To prove my point, let us look at an example from technology jobs in the US. Traditionally, high-tech industry has been a bastion of male dominance with only around 10-20% employees in this sector being women. While many technology companies like Microsoft actively pursue diversity, reservation is not one of the tools they use. Could a company like Microsoft increase the number of women by just proposing a 33% reservation of jobs on women?  This policy would be disastrous for the company. Firstly, the lack of qualified female candidates in the field will leave a large number of jobs open and it will deny jobs to a number of qualified male candidates. That would imply that either Microsoft will have to live with a smaller workforce or reduce the quality of employees, neither of which is a viable option from a business standpoint. Nor would this policy increase the number of qualified women in the sector in the future. The number of opportunities in the technology field for qualified women are limitless even without reservations, and yet this has not caused more women to join the workforce. The problems are more deep-rooted than just a lack of opportunities and we need to look at other ways of solving the issue.

The lack of women in computer jobs stems from the small number of women from computer science education. A few years ago, CMU undertook a research project which increased the percentage of female students in computer science undergraduate studies from 8% to 40% in a period of five years. This was done not by reserving seats, favoring women or diluting the candidate pool and in fact the quality of students (based on SAT scores) remained the constant throughout the study. Instead, the study attacked the social bias which caused this discrepancy. The solutions involved broadening the culture and curriculum of the department, providing a peer support group and mentorship for women and addressing the perception of the field in younger girls with the help of their teachers. This goes to show that we can considerably improve the representation of women or minorities by addressing the underlying social causes without compromising on equality. Another fine example of this approach is the preparatory program for scheduled caste students at the IITs in India. Programs such as this helps minority students prepare for further education and provide them the resources to compete with the rest of the society on an equal footing.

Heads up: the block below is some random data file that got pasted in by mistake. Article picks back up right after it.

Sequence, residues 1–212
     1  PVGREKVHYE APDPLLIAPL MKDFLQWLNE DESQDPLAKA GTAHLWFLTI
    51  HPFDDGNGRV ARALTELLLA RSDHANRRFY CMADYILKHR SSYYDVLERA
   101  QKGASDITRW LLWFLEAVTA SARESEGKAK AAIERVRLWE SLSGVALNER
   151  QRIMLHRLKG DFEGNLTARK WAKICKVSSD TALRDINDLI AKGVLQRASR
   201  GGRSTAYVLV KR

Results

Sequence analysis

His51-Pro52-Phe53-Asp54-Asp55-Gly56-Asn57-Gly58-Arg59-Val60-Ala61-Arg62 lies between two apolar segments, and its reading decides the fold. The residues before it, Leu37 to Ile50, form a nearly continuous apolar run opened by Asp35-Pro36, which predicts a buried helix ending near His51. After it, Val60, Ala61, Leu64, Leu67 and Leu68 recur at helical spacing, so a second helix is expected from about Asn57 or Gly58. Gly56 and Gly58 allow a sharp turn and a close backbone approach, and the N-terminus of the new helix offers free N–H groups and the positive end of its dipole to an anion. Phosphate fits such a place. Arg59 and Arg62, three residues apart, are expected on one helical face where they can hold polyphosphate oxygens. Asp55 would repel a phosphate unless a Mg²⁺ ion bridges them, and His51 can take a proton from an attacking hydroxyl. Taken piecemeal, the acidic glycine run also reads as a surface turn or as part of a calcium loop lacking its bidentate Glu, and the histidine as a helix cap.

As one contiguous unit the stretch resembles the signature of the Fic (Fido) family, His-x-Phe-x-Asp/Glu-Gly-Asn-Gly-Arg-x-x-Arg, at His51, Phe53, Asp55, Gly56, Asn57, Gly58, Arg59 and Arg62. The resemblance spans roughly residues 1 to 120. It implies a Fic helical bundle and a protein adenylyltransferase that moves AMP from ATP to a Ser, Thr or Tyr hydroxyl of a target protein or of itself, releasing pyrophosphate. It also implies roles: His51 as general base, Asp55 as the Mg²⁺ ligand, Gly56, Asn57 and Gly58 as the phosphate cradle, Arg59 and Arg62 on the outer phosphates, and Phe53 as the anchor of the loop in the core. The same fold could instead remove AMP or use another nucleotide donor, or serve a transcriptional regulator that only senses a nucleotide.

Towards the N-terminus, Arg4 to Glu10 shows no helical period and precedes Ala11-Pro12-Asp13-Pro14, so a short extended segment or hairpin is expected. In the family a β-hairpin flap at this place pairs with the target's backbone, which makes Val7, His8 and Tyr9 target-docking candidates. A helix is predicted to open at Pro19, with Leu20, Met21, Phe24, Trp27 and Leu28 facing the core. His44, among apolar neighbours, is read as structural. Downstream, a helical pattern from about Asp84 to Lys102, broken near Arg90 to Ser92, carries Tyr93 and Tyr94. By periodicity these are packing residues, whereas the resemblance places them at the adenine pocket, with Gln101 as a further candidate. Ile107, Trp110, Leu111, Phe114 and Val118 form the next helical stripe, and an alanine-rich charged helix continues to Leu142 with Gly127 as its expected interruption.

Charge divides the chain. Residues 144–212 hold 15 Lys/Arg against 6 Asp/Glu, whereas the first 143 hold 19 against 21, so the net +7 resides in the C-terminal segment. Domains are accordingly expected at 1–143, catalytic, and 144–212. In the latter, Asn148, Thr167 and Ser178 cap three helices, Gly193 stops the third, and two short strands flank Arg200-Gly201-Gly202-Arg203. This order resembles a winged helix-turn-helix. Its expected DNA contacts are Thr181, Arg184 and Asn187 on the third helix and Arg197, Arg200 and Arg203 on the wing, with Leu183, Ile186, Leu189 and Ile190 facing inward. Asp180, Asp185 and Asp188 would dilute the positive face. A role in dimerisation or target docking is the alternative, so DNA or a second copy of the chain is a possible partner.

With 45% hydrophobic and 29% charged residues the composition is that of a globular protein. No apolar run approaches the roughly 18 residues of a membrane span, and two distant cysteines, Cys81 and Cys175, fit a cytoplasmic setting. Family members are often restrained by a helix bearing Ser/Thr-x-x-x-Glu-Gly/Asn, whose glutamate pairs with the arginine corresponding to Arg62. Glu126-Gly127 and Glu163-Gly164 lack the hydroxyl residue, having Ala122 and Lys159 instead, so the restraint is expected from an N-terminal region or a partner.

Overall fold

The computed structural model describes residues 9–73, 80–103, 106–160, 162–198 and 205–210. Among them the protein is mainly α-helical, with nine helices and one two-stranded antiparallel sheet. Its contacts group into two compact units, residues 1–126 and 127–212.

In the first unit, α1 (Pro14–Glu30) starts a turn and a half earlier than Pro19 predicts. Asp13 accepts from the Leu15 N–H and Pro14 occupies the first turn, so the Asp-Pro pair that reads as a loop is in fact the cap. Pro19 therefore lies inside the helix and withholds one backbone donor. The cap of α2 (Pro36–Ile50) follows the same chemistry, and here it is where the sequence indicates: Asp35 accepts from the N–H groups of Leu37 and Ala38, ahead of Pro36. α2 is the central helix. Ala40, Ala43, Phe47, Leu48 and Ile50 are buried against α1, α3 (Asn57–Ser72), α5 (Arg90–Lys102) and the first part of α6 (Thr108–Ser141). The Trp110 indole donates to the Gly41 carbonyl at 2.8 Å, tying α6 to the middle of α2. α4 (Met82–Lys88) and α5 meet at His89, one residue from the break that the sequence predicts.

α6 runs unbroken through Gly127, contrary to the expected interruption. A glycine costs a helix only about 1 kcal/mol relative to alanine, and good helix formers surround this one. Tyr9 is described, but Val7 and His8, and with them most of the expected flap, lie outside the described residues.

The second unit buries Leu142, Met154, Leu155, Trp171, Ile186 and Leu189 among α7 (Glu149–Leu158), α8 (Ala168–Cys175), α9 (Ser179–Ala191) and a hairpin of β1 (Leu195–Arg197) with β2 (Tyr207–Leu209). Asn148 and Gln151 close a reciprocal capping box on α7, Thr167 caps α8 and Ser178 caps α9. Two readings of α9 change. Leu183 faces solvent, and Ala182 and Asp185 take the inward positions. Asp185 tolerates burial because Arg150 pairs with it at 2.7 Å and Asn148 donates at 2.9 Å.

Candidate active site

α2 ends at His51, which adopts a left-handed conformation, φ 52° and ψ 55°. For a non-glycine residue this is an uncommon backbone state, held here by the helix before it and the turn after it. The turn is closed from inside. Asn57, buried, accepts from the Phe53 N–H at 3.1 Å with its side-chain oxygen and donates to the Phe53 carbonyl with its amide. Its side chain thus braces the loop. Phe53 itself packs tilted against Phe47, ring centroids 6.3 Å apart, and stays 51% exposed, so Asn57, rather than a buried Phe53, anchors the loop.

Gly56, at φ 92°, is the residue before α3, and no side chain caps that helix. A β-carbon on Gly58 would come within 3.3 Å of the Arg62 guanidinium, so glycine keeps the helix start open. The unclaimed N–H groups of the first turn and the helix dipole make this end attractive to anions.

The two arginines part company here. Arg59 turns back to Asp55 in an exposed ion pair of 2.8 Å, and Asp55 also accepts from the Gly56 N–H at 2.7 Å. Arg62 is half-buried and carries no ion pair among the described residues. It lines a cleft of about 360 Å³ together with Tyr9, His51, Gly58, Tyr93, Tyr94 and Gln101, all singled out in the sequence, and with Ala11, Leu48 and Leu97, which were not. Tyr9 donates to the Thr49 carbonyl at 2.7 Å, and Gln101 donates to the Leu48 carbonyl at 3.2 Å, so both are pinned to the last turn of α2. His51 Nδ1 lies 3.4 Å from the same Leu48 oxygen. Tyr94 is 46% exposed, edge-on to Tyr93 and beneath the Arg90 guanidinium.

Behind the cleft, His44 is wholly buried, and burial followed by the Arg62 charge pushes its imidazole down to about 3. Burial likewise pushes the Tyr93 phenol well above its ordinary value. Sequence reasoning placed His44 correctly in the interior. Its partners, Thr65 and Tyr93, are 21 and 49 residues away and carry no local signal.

The same principles can be applied to women’s liberation and uplifting of the backward castes in India. Though, replicating such social programs to empower and educate women or minorities would require a significant amount of political capital and initiative and they may prove to be difficult or even impossible to implement on a wide scale in a diverse nation as India. Moreover, reservations are deeply entrenched in the present Indian psyche and they seem to provide an easy answer to the problem. But are they the right approach for the society longer term?


One Response to “Excuse me, I have a reservation”

  1. […] Though, replicating such social programs to empower and educate women or minorities would require a significant amount of political capital and initiative and they may prove to be difficult or even impossible to implement on a wide …Continue Reading […]